February 23, 2019

Canada Day 2018

H.E. Ms. Sabine Nölke, Ambassador of Canada.

By Roy Lie Atjam.

The Ambassador of Canada in the Netherlands H.E. Ms. Sabine Nölke and Mr. Chris Ram hosted a garden party on the occasion of Canada’s 151st Anniversary of Confederation on June 28.

Celebrations took place at Canada House – Villa Groot Haesebroek, Wassenaar in the Netherlands. Contrary to last year’s inclement weather, it has been a bright and sunny afternoon.

For additional Kim Vermaat’s pictures, please open the link below: https://www.flickr.com/photos/109407424@N02/albums/72157697351456301

Ambassador Nölke warmly welcomed her many guests, a very diverse gathering and delivered a captivating welcome address. In part, this is what Ambassador Nölke went on to say:

“Welcome! Bienvenue! Welkom!

First and foremost, a heartfelt thank-you to all of our sponsors who made today possible. A special shout-out to Northland Power, TD Bank, Volker Wessels, and Shell for your generosity.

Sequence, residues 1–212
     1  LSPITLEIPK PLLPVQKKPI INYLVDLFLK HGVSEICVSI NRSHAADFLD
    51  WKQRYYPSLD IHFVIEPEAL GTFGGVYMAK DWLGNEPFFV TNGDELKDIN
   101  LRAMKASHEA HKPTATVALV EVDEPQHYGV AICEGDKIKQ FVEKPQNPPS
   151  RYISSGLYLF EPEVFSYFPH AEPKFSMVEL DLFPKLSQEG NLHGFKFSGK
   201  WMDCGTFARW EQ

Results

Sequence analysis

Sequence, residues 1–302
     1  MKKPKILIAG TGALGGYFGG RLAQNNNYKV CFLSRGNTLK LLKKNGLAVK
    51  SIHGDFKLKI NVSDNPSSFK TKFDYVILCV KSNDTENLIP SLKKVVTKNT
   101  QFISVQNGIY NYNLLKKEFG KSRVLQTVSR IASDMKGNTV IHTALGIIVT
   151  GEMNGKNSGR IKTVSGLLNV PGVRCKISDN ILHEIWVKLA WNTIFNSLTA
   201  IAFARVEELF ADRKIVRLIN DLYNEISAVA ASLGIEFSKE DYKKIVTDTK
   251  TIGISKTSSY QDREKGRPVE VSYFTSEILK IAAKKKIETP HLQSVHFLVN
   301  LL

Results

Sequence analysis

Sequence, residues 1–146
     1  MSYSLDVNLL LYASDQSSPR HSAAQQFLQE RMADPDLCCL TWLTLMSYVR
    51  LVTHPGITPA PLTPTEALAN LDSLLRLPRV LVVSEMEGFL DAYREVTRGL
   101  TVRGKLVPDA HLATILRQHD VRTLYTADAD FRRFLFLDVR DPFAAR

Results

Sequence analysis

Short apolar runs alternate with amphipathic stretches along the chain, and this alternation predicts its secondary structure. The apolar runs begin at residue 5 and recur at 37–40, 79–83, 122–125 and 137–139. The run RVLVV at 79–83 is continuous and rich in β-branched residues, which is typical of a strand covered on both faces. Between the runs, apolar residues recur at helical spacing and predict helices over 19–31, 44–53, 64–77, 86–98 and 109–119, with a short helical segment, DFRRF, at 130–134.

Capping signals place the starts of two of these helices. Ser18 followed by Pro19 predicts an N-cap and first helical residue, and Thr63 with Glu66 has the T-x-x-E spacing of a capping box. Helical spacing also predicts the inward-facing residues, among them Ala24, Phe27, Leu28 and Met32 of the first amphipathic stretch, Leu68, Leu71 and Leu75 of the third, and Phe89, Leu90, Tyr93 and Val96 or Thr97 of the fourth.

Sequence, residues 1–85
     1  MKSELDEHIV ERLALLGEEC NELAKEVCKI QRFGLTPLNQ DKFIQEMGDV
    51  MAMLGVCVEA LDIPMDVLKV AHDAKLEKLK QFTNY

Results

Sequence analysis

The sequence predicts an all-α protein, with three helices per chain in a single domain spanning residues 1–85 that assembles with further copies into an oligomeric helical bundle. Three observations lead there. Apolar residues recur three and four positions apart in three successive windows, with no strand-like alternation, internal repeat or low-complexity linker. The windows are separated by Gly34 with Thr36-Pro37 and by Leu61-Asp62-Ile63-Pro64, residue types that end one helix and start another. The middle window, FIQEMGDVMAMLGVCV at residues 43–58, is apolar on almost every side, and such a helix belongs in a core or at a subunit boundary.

Today we mark Canada’s 151st birthday.

There is much to celebrate for Canadians: our economy is growing; we ranked 7th on this year’s World Happiness Report; and we won our FIFA 2026 bid alongside our American and Mexican friends. Canada making the World Cup is definitely something to celebrate!

But we are also a work in progress. The dividends of greater prosperity are uneven. Gender equality remains a goal. Reconciliation with our Indigenous people is incomplete. Climate action is taking time.

H.E. Dirk Brengelmann, Ambassador of Germany, H.E. Roman Buzek, Ambassador of the Slovak Republic, H.E. Mr Agustin Vazquez Gomez, Ambassador of El Salvador, H.E. Abdelouahab Bellouki, Ambassador of the Kingdom of Morocco, H.E. Ms. Sahar Ghanem, Ambassador of Yemen, H.E. Mr. Bruce Koloane, Ambassador of South Africa, Mr. Boris A. Zhilko, Minister-Counsellor, Embassy of Russia and H.E. Brett Mason, Ambassador of Australia.

This is not the end of history for Canada. We recognise that there’s work to be done if we are to promote the liberal democratic values that have come to define our country and many of yours.